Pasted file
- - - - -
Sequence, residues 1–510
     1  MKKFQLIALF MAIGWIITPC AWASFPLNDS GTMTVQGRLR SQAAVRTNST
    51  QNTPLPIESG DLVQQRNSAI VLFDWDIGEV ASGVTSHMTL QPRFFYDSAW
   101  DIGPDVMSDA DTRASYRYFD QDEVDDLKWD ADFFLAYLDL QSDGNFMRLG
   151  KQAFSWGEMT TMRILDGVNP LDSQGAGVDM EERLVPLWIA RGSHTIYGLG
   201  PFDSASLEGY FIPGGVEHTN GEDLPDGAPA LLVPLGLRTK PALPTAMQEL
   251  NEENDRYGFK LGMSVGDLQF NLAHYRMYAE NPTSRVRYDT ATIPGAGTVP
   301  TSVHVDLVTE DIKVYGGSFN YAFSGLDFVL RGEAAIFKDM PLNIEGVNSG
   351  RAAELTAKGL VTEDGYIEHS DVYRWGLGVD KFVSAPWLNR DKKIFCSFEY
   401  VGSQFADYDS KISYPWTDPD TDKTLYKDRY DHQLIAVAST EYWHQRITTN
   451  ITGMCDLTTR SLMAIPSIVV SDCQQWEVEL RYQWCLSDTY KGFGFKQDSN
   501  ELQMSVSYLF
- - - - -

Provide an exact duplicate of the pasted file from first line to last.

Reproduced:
Sequence, residues 1–510
     1  MKKFQLIALF MAIGWIITPC AWASFPLNDS GTMTVQGRLR SQAAVRTNST
    51  QNTPLPIESG DLVQQRNSAI VLFDWDIGEV ASGVTSHMTL QPRFFYDSAW
   101  DIGPDVMSDA DTRASYRYFD QDEVDDLKWD ADFFLAYLDL QSDGNFMRLG
   151  KQAFSWGEMT TMRILDGVNP LDSQGAGVDM EERLVPLWIA RGSHTIYGLG
   201  PFDSASLEGY FIPGGVEHTN GEDLPDGAPA LLVPLGLRTK PALPTAMQEL
   251  NEENDRYGFK LGMSVGDLQF NLAHYRMYAE NPTSRVRYDT ATIPGAGTVP
   301  TSVHVDLVTE DIKVYGGSFN YAFSGLDFVL RGEAAIFKDM PLNIEGVNSG
   351  RAAELTAKGL VTEDGYIEHS DVYRWGLGVD KFVSAPWLNR DKKIFCSFEY
   401  VGSQFADYDS KISYPWTDPD TDKTLYKDRY DHQLIAVAST EYWHQRITTN
   451  ITGMCDLTTR SLMAIPSIVV SDCQQWEVEL RYQWCLSDTY KGFGFKQDSN
   501  ELQMSVSYLF